Urban Artillery Battle in Ukraine Sends Civilians Running in the East

LYSYCHANSK, Ukraine — Vicious fighting raged in Sievierodonetsk on Wednesday after the destruction of a key bridge there in recent days all but cut off the Ukrainian troops fighting to hold the strategically important eastern city.

In the neighboring city of Lysychansk, separated from Sievierodonetsk by a river, Ukrainian forces were using the high ground there to fire at Russian forces on the opposite bank. New York Times journalists in Lysychansk could see and hear heavy artillery fire coming from both directions through a light rain.

Ukrainian mortar teams moved around Lysychansk, firing several rounds in each place before relocating to avoid the Russian return fire that was sure to follow. On the city’s periphery, a Ukrainian Grad rocket launcher emerged from its forested hiding place, unleashing about a dozen rockets toward Sievierodonetsk. A plume of smoke from the igniting munitions drifted into the air.

For Ukrainian officials and forces, it is battles like this in eastern Ukraine that have driven urgent pleas to the West to provide more long-range artillery and other weaponry to help close the gap with Russian units. On Wednesday, the United States and its allies promised even more arms to come. But in cities that had once been havens, the scorched earth tactics with those kinds of weapons from the Russian side have been devastating for the civilians still stuck here.

At a destroyed bridge in Lysychansk — one of several over the Siversky Donets River that once connected the city to Sievierodonetsk — the surrounding neighborhood looked as if artillery shells had blasted nearly every foot of ground. It was evident that the Russians had spent volumes of ammunition to destroy the crossing, leaving the area devastated. Civilians picked through the wreckage on Wednesday while stray dogs barked incessantly.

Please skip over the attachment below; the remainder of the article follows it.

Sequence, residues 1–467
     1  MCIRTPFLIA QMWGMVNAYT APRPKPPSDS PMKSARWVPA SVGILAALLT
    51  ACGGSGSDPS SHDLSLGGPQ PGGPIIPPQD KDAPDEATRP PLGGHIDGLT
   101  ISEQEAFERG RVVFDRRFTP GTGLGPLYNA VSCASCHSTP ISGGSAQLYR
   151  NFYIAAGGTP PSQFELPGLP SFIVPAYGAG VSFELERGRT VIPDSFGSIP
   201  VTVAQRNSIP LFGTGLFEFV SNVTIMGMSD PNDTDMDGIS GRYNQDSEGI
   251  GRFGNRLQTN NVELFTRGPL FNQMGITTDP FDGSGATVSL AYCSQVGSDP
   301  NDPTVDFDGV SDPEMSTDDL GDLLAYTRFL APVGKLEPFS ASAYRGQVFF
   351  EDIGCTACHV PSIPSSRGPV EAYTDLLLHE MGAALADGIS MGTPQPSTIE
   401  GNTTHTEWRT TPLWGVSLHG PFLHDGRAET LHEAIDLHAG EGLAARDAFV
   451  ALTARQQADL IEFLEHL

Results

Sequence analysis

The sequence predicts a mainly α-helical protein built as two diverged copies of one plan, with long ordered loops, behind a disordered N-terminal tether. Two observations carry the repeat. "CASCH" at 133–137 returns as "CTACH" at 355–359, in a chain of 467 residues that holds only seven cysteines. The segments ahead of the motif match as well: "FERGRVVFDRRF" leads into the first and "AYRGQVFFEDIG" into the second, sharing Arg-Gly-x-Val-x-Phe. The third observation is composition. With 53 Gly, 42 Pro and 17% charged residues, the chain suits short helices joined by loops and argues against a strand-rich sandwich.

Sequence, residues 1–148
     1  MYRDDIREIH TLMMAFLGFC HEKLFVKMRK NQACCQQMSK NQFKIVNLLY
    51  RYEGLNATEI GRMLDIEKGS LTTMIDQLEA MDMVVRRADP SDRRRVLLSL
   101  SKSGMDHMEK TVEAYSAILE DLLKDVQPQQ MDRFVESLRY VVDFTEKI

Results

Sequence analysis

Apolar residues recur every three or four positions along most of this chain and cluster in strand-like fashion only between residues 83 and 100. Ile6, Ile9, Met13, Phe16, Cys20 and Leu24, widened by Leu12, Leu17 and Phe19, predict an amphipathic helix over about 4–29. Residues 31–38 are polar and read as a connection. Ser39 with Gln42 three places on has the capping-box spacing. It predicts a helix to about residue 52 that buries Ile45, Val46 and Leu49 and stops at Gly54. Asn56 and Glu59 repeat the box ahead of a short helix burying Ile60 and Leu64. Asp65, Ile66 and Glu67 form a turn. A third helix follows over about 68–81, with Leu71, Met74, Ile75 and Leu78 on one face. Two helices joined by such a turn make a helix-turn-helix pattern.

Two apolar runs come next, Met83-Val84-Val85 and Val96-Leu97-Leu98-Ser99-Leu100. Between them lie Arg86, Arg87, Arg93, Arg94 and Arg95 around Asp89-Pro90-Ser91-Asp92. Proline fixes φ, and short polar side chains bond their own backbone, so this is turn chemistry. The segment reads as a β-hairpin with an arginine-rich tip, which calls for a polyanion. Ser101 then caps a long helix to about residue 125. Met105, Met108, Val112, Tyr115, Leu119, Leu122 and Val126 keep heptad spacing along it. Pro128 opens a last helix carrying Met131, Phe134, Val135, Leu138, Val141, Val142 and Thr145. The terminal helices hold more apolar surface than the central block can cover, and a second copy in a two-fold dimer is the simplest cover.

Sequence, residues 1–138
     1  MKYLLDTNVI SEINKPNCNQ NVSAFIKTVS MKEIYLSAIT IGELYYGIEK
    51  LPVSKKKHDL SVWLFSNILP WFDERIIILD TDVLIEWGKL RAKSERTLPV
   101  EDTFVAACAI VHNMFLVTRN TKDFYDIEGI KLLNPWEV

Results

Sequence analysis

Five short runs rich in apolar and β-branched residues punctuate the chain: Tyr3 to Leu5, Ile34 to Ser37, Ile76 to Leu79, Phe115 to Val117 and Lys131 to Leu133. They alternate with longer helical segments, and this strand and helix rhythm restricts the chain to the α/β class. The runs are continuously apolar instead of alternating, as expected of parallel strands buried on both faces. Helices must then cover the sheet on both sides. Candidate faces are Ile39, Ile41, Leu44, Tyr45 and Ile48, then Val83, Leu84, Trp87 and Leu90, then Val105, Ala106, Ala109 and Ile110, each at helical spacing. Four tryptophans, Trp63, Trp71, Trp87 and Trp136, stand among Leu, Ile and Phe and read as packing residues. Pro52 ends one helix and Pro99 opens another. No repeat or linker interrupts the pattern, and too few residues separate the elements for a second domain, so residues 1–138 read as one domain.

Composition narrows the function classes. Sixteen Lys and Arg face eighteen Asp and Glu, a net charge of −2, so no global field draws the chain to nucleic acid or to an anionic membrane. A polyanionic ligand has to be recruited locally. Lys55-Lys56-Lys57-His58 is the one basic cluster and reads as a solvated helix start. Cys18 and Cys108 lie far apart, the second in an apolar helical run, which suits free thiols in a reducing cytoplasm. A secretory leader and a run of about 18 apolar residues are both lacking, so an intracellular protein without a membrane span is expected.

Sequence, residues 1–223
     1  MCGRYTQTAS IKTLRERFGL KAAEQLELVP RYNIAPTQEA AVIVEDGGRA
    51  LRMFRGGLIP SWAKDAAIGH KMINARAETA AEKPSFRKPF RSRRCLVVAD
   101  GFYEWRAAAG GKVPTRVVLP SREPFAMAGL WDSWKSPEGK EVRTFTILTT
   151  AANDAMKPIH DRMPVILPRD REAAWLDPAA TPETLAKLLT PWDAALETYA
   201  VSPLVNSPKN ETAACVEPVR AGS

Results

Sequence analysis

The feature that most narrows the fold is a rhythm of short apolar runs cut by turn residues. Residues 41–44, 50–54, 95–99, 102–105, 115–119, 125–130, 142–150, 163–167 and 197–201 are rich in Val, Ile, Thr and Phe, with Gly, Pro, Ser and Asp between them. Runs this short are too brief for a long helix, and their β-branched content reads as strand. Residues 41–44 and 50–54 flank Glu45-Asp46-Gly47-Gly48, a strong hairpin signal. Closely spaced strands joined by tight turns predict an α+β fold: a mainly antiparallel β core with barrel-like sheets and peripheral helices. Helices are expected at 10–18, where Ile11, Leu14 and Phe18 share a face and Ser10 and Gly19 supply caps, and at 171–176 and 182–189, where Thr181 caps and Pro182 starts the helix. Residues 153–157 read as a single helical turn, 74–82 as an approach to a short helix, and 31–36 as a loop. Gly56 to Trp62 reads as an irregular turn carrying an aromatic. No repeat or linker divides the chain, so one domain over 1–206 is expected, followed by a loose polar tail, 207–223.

“This is horror, this is horror,” said Natalia, 52, a former music teacher in Lysychansk who declined to give her last name for security reasons. “My daughter is 32; my granddaughter is 12. They left as soon as it had started.”

Lysychansk, an industrial city with a prewar population of about 100,000, has started to empty out as Russian forces have taken large parts of Sievierodonetsk and have begun shelling Lysychansk regularly.

Evacuations from Sievierodonetsk have been disorganized, leaving residents to find their own means of escape. But in Lysychansk, volunteers, in a medley of vehicles, are evacuating dozens of civilians each day.

One organization, called BASE UA, is crewed by a mixture of Ukrainian and Western volunteers, including several Americans. In donated armored vans, the volunteers make several trips a day to reach civilians, braving the enduring threat of artillery fire.

Local officials estimate that there are between 30,000 and 40,000 civilians still in Lysychansk. In Sievierodonetsk, about 10,000 civilians remain, including 500 people who are sheltering with Ukrainian troops in the city’s Azot chemical plant.

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